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Mohammad Hashem Cheshti, also known with surname Chishti and as Ustad Hashem (Persian: استاد هاشم‎), was a contemporary classical musician and composer born in Kharabat area of Kabul,[1] Afghanistan, who died in 1994 in Germany under unclear circumstances.[1]

Mohammad Hashem Cheshti
OriginKabul, Afghanistan

Ustad Hashem was born and raised in a musical family, which originally came from Kasur in Punjab, but settled in the 19th century in Kabul as court musicians.[2][3] Several of his close family members, including his brothers and his father are/were also famous musicians in their own right.[2][3] Both he and his brothers appeared regularly on Afghan Television and Radio prior to the Russian invasion of Afghanistan and the subsequent wars.[2][4][5] He accompanied regularly other famous Afghan musicians like Ahmad Zahir and Ustad Mahwash on his tabla.[2][6]

He was the teacher and mentor of Ustad Mahwash,[2][7][8] the first Afghan female master musician and Zuleikha, a US American dancer and artist.[2][9][10][11] He mastered many different traditional Afghan instruments, but his greatest passion was for the tabla, his mastership of which was supreme.[1][2][12][13] Following the Russian invasion of Afghanistan he had to flee his home country[1][2] and emigrated to Germany where he died in 1994,[2] killed by one of his former students for reasons unknown.[1]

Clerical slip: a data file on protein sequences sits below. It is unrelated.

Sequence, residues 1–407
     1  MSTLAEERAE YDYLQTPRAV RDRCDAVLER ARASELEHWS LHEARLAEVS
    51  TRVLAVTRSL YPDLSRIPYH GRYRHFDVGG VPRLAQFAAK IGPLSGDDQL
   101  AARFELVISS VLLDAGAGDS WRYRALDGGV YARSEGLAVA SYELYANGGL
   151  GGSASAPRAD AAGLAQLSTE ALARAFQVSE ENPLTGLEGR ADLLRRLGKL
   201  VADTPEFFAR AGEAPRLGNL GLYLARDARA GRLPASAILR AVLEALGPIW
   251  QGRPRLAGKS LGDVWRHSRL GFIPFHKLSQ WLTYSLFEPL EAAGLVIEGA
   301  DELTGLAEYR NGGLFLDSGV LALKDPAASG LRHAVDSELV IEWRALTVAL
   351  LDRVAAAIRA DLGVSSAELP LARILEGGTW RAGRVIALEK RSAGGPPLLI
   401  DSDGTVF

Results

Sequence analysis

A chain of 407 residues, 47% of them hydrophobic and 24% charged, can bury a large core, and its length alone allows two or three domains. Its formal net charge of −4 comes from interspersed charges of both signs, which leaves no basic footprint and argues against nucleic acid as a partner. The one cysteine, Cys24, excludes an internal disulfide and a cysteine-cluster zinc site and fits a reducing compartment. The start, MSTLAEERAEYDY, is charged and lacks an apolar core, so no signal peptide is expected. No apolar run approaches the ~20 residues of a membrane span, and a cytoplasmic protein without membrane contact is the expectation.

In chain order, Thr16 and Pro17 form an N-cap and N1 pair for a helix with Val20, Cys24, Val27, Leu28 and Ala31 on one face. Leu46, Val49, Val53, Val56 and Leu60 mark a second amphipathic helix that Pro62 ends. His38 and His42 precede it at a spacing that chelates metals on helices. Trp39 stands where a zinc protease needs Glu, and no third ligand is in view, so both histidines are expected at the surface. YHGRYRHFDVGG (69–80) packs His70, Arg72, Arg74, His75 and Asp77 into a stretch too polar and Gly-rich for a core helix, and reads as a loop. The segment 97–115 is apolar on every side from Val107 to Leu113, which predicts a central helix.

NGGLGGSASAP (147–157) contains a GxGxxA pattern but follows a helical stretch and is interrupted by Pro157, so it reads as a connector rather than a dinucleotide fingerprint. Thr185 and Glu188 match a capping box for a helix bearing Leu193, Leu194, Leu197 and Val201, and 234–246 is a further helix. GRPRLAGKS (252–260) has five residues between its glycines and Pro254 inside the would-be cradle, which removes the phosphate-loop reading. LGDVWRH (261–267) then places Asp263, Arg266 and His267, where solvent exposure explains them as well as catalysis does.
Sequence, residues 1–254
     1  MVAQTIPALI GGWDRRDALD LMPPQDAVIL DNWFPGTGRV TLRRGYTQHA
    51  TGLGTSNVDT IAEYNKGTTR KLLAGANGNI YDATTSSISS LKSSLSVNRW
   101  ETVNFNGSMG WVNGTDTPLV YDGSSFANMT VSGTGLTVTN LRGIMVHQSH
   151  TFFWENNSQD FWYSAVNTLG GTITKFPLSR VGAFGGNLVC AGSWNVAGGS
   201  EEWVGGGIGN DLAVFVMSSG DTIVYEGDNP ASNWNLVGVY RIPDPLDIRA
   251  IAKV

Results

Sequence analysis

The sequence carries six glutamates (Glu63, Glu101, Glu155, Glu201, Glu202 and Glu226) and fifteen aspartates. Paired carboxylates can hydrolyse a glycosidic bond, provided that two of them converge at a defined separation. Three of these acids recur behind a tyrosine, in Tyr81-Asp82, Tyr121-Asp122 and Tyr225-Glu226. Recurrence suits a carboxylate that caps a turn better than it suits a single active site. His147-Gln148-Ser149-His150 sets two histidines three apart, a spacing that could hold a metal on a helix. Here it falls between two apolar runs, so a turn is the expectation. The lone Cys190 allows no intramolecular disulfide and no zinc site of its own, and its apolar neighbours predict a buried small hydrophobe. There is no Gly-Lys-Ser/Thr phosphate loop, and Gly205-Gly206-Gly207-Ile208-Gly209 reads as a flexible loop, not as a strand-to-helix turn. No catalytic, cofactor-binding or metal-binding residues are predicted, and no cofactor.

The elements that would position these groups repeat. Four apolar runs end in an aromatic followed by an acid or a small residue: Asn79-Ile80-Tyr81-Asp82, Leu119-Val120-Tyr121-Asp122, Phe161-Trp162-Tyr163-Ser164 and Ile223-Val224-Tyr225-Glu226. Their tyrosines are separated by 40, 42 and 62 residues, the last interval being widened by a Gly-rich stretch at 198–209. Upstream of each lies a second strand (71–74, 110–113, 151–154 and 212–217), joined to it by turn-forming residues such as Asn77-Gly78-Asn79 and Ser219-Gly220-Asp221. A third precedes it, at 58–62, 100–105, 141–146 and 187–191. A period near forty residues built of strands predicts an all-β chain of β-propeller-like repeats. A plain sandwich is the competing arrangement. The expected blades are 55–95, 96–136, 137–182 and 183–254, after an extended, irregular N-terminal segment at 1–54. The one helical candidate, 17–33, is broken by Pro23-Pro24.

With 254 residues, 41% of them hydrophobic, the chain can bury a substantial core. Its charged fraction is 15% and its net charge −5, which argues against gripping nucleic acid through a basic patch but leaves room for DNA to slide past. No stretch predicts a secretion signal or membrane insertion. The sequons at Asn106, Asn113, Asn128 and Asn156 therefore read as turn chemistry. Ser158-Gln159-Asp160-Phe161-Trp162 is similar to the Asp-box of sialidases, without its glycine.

See alsoEdit


  1. ^ a b c d e " Afghanistan Ustad Hashem".
  2. ^ a b c d e f g h i Baily, John (11 March 2002). "Cry freedom: the story of singer Farida Mahwash".
  3. ^ a b "Archived copy". Archived from the original on 2009-01-05. Retrieved 2009-05-16.CS1 maint: Archived copy as title (link)
  4. ^ Thunder004 (13 December 2008). "Tabla of Ustad Hashem & Ustad Asef تبله استاد هاشم و استاد آصف" – via YouTube.
  5. ^ Thunder004 (29 December 2008). "Ustad Hashem Rag استاد هاشم - راگ" – via YouTube.
  6. ^ PEACE MAKER 007 (25 October 2007). "AHMAD ZAHIR with Lyrics مجلسی تبله استاد هاشم" – via YouTube.
  7. ^ [1]
  8. ^ "Archived copy". Archived from the original on 2010-01-06. Retrieved 2009-05-16.CS1 maint: Archived copy as title (link)
  9. ^ [2][dead link]
  10. ^ "Storydancer". Storydancer.
  11. ^ "Archived copy". Archived from the original on 2007-11-11. Retrieved 2009-05-23.CS1 maint: Archived copy as title (link)
  12. ^ John Baily, "Music of Afghanistan: professional musicians in the city of Herat", Cambridge University Press 1988, ISBN 0-521-25000-5
  13. ^ "My world changed forever: life after 9/11". 10 March 2002.